For instance, Fide et al. [FJ08] have used the Register-based Synchronization (RBS) approach which is one of the flag-based synchronization schemes between cores. The RBS approach uses a hardware shared register to provide the synchro-nization support between cores (e.g., the producer and the consumer) and also the Synchronized Pipelined Parallelism Model (SPPM) [VJ04]. The SPPM model is a parallel execution approach which enforces blocking synchronization between the producer and the consumer. In the RBS scheme, the shared register has an empty/-full status bit, which is similar to the empty/empty/-full tagged memory scheme. Figure2.1

shows the RBS approach for SPPM applications. When the producer reaches the synchronization point, it sets the register to the full status, which wakes the con-sumer. When the consumer is done, instead of spin waiting and consuming system resources, it goes into the idle mode to save power and energy and also changes the flag register to the empty status. When the register status changes, the consumer wakes up and the process repeats. Therefore, the producer can continue operat-ing while the consumer is still consumoperat-ing the previous produced data or when the consumer is in the idle mode.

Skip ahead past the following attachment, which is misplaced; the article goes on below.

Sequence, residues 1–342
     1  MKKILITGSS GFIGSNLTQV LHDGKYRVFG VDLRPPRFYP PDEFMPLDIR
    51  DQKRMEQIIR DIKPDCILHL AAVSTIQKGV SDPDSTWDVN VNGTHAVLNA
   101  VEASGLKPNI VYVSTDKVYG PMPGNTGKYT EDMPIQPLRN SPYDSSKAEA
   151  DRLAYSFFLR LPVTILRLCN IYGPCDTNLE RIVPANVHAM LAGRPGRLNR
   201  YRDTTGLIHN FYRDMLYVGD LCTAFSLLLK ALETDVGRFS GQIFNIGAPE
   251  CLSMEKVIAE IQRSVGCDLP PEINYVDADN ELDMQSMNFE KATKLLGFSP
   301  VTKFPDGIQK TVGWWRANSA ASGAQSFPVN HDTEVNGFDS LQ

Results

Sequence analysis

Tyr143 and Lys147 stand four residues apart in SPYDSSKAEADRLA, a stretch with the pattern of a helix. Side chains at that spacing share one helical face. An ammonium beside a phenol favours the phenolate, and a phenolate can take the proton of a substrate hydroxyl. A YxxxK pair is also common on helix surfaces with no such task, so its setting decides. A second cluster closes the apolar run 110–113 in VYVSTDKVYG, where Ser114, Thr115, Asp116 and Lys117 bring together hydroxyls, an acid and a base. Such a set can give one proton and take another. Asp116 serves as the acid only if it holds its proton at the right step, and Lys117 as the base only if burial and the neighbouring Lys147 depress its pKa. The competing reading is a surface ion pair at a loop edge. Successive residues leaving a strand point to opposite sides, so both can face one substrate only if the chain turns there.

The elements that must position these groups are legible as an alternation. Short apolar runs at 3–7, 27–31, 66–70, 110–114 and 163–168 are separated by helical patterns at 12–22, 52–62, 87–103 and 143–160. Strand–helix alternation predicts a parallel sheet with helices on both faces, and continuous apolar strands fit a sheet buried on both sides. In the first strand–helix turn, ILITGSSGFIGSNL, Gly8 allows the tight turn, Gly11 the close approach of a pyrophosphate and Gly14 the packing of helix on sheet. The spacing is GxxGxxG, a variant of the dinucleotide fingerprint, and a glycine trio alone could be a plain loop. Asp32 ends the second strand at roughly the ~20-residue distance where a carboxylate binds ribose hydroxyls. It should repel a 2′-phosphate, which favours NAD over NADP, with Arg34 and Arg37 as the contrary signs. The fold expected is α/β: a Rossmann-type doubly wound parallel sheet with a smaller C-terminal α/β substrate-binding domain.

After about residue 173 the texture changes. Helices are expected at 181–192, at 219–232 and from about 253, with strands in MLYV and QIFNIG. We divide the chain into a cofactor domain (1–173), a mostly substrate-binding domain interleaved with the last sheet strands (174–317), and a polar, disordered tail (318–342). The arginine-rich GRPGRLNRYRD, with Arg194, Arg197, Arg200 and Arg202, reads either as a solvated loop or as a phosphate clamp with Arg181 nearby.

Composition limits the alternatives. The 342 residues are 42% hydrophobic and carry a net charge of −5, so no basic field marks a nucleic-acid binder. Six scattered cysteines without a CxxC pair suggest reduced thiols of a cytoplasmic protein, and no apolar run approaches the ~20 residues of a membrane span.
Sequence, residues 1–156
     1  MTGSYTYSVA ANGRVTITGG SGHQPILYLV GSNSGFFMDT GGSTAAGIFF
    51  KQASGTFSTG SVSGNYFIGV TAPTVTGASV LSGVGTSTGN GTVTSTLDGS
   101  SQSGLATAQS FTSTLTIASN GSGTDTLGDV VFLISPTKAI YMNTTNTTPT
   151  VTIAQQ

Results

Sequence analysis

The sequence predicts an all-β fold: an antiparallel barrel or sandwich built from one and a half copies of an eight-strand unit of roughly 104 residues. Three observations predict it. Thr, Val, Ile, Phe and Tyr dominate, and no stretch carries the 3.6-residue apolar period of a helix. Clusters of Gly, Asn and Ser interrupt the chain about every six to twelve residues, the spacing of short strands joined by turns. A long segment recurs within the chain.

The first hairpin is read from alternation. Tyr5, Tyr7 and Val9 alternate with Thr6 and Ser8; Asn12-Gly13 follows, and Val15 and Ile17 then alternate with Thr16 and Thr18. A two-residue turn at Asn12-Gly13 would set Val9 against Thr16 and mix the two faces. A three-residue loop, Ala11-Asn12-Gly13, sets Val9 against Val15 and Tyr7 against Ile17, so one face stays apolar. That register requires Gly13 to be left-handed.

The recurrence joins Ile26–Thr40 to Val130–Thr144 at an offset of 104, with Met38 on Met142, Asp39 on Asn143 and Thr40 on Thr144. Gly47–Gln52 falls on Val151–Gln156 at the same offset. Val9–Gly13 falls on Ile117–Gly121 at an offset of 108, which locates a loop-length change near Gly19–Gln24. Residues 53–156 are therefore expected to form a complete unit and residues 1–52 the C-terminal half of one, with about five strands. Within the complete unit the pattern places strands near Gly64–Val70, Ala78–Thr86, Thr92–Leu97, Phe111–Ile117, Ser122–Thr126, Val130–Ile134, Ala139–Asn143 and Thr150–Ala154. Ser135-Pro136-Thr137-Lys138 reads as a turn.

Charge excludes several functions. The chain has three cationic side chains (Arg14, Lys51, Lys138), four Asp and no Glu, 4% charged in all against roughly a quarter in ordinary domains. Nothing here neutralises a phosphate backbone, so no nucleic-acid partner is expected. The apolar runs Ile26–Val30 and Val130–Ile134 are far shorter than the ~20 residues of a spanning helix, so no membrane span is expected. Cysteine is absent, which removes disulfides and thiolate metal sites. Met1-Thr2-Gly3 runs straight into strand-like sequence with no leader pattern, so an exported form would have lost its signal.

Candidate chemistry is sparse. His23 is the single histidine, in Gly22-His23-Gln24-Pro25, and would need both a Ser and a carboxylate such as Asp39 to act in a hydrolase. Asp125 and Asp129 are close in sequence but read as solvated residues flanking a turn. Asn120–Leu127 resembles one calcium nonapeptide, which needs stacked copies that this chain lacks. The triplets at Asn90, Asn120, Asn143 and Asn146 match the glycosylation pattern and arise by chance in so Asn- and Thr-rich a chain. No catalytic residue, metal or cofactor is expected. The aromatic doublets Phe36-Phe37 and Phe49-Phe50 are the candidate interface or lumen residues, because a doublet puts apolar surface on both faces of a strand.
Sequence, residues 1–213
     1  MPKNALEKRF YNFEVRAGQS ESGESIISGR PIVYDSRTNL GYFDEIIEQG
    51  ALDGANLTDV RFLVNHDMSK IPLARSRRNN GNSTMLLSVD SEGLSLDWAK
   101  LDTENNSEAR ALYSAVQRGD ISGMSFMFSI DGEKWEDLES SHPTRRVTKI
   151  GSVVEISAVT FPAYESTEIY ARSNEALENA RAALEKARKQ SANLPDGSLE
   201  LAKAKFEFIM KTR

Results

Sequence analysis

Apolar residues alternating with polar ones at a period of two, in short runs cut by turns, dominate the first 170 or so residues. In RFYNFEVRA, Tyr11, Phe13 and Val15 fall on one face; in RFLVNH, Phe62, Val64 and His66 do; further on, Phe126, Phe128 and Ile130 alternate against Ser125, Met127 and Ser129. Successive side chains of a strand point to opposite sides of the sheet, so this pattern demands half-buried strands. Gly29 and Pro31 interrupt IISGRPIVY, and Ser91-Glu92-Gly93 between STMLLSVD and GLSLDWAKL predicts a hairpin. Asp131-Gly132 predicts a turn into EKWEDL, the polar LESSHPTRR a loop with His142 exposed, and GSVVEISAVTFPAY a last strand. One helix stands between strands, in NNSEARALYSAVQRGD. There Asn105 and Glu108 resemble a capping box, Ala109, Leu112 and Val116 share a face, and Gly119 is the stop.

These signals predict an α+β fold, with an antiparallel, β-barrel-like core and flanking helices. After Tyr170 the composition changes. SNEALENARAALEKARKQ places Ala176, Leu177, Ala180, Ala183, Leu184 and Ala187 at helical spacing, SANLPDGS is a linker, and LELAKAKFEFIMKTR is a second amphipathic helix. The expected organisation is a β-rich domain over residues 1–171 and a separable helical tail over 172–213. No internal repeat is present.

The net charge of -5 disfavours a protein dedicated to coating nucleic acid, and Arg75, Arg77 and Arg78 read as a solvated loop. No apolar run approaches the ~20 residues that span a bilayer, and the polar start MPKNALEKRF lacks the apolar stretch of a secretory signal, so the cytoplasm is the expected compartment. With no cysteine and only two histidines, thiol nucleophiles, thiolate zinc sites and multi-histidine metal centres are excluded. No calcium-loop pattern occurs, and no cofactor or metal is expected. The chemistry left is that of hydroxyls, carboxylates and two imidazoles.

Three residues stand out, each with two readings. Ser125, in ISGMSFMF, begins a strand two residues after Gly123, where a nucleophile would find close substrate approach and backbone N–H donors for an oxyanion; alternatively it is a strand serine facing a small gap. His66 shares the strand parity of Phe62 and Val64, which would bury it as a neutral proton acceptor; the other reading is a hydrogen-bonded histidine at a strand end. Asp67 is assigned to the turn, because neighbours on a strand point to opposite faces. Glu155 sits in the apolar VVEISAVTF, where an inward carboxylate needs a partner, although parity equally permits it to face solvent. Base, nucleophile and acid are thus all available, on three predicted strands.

In this study, the authors used three benchmarks to evaluate their pipelining approach: Red-Black Solver, Finite-Deference Time-Domain (FDTD) and ARC4


Stream cipher. The results show performance improvements of 2 − 5% per itera-tion for Red-Block solver; 6 − 11% for FDTD, and a negligible improvement for ARC4 when using the RBS synchronization technique. One of the bottlenecks of RBS scheme is the limitation of the number of shared registers for the communica-tion transfers between producer and consumer pairs. However, this technique can improve the synchronization and communication support for multi-threaded appli-cations.